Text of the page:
Bar mitzvahs, quinceañeras, sweet 16s—coming-of-age is a process of transformation and development honored and celebrated by countless traditions and ceremonies throughout history and all around the world. The epicenter of cultural activity, coming-of-age has become one of the most common and broad genres in literature, film, and television. Though ubiquitous, these narratives are inseparable from matters of gender, class, race, ethnicity, and sexuality, each of which particularize a person’s experiences. And that is what I love about the genre: it is simultaneously universal, inspiring instant connection between character and reader, and highly individual, with the potential to educate audiences on the personal impact of sociopolitical and cultural issues.
If you peruse Goodreads for some book suggestions, you’ll find that the list is endless. And there are so many lists. Really, you have hundreds, thousands, of options. So here’s a short list of some must-read coming-of-age novels that I personally deem representative of the genre:
The Catcher in the Rye by J.D. Salinger
Now, when I first read this book in eleventh grade, I wasn’t a huge fan. Holden isn’t the most likeable of protagonists, and with his long-winded rants (filled with verbal tics) about the so-called phoniness of everyone and everything, he sounds like your typical privileged, disaffected teenager. However, when I revisited the book in a college course, I found that Salinger’s novel, at its core, explores how a young person processes grief and depression in the face of imminent adulthood–and the loneliness that comes with that kind of independence.
The Perks of Being a Wallflower by Stephen Chbosky
Chbosky’s epistolary novel, which is clearly influenced by Salinger, especially resonated with me in high school, when I, like the protagonist Charlie, found myself trapped within introversion and insecurity, isolated from my peers. Perks charts Charlie’s departure from a past of alienation and trauma as he builds relationships with a group of friends that push him towards self-empowerment and liberation. The centrality of friendship in the process of recovery and discovery is perhaps one of the novel’s most important and poignant qualities.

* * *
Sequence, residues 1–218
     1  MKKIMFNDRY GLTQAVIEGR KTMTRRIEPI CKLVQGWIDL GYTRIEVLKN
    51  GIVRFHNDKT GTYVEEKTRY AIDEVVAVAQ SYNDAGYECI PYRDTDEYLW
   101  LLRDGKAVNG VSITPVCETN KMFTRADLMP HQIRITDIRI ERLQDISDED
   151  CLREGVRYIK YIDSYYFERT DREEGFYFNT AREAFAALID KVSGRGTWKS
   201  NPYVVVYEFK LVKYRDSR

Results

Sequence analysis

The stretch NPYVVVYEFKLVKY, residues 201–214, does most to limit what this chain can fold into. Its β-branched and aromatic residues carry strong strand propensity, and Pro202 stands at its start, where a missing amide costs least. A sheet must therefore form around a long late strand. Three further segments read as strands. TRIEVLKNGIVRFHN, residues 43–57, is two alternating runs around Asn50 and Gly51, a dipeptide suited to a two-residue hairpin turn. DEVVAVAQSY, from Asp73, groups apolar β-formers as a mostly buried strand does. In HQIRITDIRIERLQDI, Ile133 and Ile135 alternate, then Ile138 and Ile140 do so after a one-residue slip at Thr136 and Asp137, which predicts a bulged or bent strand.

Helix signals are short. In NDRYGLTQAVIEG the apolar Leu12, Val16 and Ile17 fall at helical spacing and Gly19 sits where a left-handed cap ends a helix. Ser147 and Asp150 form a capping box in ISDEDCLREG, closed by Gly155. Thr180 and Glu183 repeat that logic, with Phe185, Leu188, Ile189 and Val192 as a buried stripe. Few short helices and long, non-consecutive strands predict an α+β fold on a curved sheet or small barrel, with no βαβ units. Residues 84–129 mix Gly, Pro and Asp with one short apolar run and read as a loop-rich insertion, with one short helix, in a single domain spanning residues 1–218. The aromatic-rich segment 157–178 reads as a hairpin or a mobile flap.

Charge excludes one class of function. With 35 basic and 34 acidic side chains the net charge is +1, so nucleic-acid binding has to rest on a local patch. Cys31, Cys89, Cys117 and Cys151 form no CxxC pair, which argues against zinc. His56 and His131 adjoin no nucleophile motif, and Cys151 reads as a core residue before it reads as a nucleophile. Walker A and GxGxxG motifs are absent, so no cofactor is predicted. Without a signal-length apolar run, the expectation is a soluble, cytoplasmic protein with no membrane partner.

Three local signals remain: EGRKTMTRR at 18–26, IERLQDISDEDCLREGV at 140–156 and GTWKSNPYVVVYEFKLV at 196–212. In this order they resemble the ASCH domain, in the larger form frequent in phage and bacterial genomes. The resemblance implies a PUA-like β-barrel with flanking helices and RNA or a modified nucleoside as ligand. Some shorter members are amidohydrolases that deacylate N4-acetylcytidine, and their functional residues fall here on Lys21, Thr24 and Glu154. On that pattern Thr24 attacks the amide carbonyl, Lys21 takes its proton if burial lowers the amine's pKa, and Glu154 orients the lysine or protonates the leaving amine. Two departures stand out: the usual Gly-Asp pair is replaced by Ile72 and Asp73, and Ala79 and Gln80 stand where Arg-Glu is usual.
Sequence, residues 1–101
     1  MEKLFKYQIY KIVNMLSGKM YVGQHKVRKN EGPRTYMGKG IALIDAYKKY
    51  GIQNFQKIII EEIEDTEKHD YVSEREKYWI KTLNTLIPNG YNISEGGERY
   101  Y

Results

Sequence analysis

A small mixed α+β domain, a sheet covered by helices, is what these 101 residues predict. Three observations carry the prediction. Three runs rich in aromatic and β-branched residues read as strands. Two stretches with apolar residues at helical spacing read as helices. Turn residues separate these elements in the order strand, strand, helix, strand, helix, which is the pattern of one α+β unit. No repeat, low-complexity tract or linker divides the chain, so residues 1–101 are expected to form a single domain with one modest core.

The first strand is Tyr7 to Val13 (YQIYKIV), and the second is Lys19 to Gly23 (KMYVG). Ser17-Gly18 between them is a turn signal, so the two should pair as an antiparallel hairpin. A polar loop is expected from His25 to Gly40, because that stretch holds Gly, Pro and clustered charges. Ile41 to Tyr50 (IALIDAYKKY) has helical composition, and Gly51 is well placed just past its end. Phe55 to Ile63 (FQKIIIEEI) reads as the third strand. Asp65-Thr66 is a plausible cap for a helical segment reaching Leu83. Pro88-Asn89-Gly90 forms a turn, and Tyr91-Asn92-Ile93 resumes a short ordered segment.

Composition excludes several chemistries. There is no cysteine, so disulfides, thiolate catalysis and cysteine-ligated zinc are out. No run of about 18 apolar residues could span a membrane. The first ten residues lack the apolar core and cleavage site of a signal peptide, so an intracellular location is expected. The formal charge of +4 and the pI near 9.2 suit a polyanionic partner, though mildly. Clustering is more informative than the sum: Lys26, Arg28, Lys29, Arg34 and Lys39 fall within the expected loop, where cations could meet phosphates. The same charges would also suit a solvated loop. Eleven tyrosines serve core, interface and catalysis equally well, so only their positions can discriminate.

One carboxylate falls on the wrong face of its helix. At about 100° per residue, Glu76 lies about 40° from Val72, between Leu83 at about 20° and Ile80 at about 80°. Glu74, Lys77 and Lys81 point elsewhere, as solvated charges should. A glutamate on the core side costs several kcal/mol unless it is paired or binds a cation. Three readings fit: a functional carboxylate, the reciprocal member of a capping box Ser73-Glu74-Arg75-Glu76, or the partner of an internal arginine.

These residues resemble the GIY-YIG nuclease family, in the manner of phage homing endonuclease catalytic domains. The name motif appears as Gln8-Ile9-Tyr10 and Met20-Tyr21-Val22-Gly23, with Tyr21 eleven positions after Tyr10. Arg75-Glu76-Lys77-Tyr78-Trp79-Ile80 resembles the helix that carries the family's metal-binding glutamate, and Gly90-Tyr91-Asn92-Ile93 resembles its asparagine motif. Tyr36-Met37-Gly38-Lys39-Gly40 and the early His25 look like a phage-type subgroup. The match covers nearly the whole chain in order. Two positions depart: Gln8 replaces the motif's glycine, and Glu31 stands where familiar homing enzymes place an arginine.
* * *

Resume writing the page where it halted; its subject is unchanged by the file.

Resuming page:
The Bluest Eye by Toni Morrison
The Bluest Eye delves into the lives of women of color who are faced with the pressure of striving for mainstream ideals. White beauty. White success. Masculine power. Morrison’s novel frankly addresses so many of the topics that people tiptoe around like sexual abuse and racism and domestic violence. Fragmented families. Socioeconomic disparities. She takes all of this and shows us how it molds the identities of youth and how it shapes their futures, consequently demonstrating how these problems are perpetuated, sustained. Coming-of-age, Morrison reveals, is not always transformative in an inspiring and uplifting way. It is, however, crucial and formative, not only for the individual, but for entire communities.
Fun Home by Alison Bechdel
Bechdel’s autobiographical graphic novel depicts how an individual’s coming-of-age is both informed by and influences the coming-of-age of his or her entire family. The author’s revelations about her sexuality and artistic identity are not isolated events or processes. Whereas some novels in the genre depict parents as background figures, like the babbling of adults in the Peanuts movies, Bechdel breaks out of the conventions of adolescent self-absorption and meticulously maps out the creation of self as it relates to her home environment, notably her father.
The Bell Jar by Sylvia Plath
Plath’s novel is one of the most famous and honest portrayals of mental illness out there, following Esther Greenwood as she descends into clinical depression at the end of her college career. Esther’s story highlights how coming-of-age is, for some of us, a period of heightened self-awareness, in which we develop the maturity and intellectual capacity to evaluate our own emotional and mental wellbeing. It is also a time in which we experience major developments in these sectors of our life—which is undoubtedly why so many novels in this genre touch upon mental health (Chbosky and Salinger’s works included).
Read and enjoy!
(Featured image via.)